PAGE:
Theodore D. Schultz

Theoretical Physicist

Theodore D. Schultz, 75, a research scientist and education advocate, died Sept. 20 of cancer at Washington Home Hospice. He lived in Washington.

After 32 years with IBM in New York, Dr. Schultz came to Washington in 1992 as a program officer with the National Sciences Resource Center. He held a simultaneous position with the National Research Council, part of the National Academy of Sciences. From 1996 to 2001, he was with the department of education and outreach at the American Physical Society.

He was one of the contributors to "Resources for Teaching Elementary School Science," a work published in 1996 by the National Academy of Sciences. He was later an advocate for science education, believing that children would be drawn to science if exposed to it from an early age. In particular, he recommended that experienced scientists contribute their expertise to elementary schools. At the American Physical Society, Dr. Schultz directed the Teacher Scientist Alliance Institute, which trained scientists and educators in science education programs.

He was born in Chicago and, in his teens, was a contestant on a radio quiz show, "Quiz Kids." He attended Deep Springs College, an experimental two-year college in the California desert, and graduated from Cornell University. He received a doctorate in theoretical physics from the Massachusetts Institute of Technology.

From 1960 to 1992, he was a theoretical research physicist at IBM's Thomas J. Watson Research Center in Yorktown Heights, N.Y. In the 1960s and 1970s, he also had one-year teaching assignments at Syracuse University, New York University and the University of Munich. He did post-doctoral work at the University of Illinois and at the University of Birmingham in Great Britain.

Dr. Schultz wrote more than 40 scientific papers and chapters in books. He published a book, "Quantum Field Theory and the Many-Body Problem," in 1964.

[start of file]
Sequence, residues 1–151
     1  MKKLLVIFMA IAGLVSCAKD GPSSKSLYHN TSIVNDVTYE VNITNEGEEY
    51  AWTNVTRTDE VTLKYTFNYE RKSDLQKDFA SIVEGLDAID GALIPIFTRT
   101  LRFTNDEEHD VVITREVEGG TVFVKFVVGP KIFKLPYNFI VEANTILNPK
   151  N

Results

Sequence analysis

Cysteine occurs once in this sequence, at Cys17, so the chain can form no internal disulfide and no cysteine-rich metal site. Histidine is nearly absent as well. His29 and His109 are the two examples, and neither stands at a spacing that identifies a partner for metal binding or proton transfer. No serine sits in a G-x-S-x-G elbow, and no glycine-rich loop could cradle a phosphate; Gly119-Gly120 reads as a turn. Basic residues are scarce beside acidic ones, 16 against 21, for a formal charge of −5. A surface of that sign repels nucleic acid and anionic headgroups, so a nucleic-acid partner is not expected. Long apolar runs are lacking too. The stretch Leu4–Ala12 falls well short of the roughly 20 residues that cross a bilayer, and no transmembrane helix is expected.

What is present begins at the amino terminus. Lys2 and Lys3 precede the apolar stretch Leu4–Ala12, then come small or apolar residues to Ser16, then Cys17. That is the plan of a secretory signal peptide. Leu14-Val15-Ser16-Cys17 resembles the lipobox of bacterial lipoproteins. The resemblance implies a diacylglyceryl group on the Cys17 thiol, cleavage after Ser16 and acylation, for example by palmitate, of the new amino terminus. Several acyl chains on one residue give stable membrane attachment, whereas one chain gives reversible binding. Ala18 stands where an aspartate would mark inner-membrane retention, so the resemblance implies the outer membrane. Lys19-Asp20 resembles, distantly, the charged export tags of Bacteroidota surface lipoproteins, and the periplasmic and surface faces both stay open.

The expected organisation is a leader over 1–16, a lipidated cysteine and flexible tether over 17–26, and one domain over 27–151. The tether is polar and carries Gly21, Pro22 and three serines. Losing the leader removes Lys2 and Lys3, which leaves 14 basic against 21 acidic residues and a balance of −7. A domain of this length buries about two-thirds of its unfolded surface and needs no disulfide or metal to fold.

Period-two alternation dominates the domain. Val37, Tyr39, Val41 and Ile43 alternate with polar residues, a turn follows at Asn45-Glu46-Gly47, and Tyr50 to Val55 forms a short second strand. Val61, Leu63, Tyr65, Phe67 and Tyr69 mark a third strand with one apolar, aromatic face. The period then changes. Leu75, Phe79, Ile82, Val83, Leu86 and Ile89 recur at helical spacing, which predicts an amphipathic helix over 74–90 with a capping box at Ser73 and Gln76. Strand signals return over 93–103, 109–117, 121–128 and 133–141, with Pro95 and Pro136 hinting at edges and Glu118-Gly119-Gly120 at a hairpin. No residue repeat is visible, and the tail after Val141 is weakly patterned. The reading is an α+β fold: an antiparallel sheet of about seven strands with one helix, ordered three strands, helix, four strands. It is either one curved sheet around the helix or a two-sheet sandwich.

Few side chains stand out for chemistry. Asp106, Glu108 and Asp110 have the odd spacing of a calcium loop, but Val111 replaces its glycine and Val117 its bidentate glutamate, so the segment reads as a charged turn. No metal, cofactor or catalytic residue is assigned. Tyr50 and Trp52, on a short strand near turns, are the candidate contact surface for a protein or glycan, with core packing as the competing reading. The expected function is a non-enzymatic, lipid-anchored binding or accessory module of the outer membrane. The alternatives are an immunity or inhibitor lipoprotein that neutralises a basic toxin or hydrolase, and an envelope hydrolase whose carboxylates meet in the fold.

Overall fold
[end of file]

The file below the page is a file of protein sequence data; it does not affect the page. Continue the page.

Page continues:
He was a fellow of the American Physical Society.

Dr. Schultz was a skilled pianist and cellist. His interests included music, photography, architecture, sailing, tennis and bridge. His design of his family's house in Ossining, N.Y., was featured in Better Homes and Gardens magazine in 1969.

Survivors include his wife of 47 years, Almut Schultz of Washington; two daughters, Andrea Schultz of New York and Jennifer Schultz of Sunnyvale, Calif.; a sister; and two grandchildren.

Robert E. Wilson

Weapons Engineer

Robert E. Wilson, 87, an aeronautical engineer who worked for the Department of the Navy, died Sept. 7 of cardiovascular disease at Sibley Memorial Hospital. His primary home for the past 20 years was Macon, Ga., but he had spent much of the past two years with his daughter in Washington.

Dr. Wilson designed weapons systems for the old Naval Ordnance Laboratory in White Oak, where he worked from 1953 to 1974. In 1960, he was named chief of NOL's Aero- and Hydroballistics Directorate and later served as acting technical director.

The NOL merged in 1974 with another laboratory to form the Naval Surface Weapons Center in Dahlgren, Va. Dr. Wilson was head of that laboratory's Weapons Systems Department when he retired in 1976.